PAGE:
These beans like the soil to be warm to germinate well. However, you can give them an early start by starting them indoors in spring in the UK. Seeds can be sown in small pots or cardboard tubes filled with seed sowing or multipurpose compost. Water them to keep the compost moist and away from frost or cold temperatures. A bright windowsill is a great place for this. They will germinate within a couple of weeks.

I prefer to sow the seeds straight into the prepared beds, although a few weeks later! This is fine for me as I am not in a hurry for the summer beans … or may be the real reason is that I have usually run out of indoor spaces to sow beans!

Planting Cobra beans

If you start them indoors, then the seedlings will need getting used to the outdoor conditions before you plant them in the beds. This is called ‘hardening’ and it means leaving the seedlings outside in a sheltered position in the daytime but bringing them indoors at night.

Once the danger of frost is over, which is usually around May in the UK, you can plant your seedlings outdoors in prepared beds, pots or planters. I keep a distance of around 10-15 cm between the plants in the raised beds. A large pot could possibly host 2-3 plants. It is good to give a thought to how you will be supporting the beans before you plant. Some gardeners prefer to place their support structure in first before they plant.

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Cobra bean seedlings loving the warmer days in the raised bed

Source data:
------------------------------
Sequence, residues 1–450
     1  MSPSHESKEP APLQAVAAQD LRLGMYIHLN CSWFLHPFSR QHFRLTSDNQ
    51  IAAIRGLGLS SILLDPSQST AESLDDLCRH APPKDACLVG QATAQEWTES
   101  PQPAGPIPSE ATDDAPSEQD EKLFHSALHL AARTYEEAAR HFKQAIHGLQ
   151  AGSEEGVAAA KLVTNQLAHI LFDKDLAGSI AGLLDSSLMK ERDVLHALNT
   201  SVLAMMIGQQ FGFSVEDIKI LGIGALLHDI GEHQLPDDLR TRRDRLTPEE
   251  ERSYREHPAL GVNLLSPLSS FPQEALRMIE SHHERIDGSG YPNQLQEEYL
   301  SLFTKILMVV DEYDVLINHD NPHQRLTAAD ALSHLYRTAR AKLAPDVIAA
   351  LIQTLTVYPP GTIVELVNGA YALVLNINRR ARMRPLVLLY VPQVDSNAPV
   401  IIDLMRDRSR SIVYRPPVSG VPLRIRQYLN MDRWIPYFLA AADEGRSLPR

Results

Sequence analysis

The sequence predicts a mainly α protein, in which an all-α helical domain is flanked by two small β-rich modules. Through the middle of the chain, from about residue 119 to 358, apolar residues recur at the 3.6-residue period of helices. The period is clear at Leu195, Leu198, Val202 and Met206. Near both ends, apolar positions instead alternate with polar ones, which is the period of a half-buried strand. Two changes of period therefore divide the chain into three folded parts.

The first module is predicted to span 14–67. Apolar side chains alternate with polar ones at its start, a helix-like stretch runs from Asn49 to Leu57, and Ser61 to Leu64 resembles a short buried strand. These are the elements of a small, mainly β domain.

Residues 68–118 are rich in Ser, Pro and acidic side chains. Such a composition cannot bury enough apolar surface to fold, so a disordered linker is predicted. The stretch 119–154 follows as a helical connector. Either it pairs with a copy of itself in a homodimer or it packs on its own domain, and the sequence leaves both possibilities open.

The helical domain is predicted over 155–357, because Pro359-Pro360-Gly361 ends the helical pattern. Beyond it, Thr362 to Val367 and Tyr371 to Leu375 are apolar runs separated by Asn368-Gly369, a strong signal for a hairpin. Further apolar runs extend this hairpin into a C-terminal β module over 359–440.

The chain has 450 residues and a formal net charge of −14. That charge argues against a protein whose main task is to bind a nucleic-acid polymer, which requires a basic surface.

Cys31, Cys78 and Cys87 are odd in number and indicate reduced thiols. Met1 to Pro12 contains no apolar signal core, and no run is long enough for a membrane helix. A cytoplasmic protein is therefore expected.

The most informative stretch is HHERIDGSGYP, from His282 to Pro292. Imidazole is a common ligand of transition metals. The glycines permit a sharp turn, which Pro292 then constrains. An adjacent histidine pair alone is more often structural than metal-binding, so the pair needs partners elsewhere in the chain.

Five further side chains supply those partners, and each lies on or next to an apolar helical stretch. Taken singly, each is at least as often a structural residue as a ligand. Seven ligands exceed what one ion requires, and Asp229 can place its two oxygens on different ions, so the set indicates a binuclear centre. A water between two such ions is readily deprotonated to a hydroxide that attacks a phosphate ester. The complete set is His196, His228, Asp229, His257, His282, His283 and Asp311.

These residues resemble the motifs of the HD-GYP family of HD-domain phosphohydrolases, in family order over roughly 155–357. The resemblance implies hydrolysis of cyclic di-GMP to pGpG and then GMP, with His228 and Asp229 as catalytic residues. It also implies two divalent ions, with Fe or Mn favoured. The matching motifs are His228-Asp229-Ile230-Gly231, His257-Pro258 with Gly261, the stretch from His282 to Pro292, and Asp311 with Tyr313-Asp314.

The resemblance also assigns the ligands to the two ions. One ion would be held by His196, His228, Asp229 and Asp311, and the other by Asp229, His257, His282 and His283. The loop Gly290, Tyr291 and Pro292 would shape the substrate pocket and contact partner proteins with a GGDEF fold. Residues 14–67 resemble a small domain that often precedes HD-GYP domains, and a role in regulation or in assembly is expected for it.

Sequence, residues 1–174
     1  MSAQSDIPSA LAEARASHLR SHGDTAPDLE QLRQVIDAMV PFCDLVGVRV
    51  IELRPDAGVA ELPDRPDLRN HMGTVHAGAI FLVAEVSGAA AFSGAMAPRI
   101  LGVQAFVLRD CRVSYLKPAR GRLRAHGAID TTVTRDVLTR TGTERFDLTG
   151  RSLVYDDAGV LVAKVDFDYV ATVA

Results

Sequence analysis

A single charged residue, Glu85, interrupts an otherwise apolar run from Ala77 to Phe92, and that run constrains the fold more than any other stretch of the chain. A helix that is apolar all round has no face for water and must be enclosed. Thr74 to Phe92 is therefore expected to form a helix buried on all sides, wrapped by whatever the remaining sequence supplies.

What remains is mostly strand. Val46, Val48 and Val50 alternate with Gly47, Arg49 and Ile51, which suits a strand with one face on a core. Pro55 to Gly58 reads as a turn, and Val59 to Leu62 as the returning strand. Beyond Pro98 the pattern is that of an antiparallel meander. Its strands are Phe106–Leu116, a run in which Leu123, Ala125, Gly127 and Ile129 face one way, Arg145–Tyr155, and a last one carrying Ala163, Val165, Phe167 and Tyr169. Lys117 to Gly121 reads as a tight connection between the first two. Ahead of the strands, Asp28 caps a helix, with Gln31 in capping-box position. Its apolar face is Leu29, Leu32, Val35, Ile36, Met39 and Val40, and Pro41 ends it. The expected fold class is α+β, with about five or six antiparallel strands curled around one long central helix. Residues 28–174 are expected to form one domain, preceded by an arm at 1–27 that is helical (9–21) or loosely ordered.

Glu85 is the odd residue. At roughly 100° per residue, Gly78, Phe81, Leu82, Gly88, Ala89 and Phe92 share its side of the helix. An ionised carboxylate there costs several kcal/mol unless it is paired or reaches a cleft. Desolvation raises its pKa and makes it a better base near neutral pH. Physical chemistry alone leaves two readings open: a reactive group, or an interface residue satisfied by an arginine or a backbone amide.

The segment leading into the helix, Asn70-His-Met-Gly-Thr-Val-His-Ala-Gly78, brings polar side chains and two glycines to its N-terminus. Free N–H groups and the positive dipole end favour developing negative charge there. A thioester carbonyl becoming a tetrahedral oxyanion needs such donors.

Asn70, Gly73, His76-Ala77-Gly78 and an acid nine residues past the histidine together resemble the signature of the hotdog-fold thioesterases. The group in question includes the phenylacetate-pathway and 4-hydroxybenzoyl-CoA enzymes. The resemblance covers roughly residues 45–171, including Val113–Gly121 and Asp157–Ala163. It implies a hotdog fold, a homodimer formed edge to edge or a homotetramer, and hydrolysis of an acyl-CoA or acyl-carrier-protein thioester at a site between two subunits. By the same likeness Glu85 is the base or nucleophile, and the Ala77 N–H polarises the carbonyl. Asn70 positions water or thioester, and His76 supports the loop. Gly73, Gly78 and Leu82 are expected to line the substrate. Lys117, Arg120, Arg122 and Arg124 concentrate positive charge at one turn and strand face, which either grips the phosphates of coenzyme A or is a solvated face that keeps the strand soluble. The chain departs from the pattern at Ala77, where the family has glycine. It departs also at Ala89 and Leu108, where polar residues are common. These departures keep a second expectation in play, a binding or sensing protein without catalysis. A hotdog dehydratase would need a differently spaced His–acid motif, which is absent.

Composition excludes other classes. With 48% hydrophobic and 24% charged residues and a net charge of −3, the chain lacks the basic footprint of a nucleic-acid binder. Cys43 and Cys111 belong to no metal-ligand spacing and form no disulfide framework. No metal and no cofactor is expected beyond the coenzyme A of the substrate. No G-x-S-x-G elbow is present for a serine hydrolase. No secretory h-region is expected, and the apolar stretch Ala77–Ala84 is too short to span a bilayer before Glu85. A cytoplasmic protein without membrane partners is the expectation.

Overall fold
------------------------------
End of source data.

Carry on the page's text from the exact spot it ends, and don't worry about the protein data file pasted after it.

These will now grow very quickly … each time you turn they will seem to have put on even more height!

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Young Cobra bean plants growing taller everyday

Problems in Growing Cobra Beans

As with broad beans, black fly can be an issue with growing Cobra beans. Similarly, growing nasturtiums as companion plants really help to steer the black fly away from the beans, and you can read about this in my previous post.

Supporting the Growing Beans

As these are climbing beans, they will need some form of support. I like to use bamboo canes which I reuse every year. However, if you have a trellis or an arch feel free to be creative. You can even make a garden feature out of it!

Again, bamboo canes or other wooden sticks can form a variety of structures depending on your space. I have small raised beds which means space is limited, so my choice is a teepee of canes which are 6 feet long, joined together at the top with some jute string.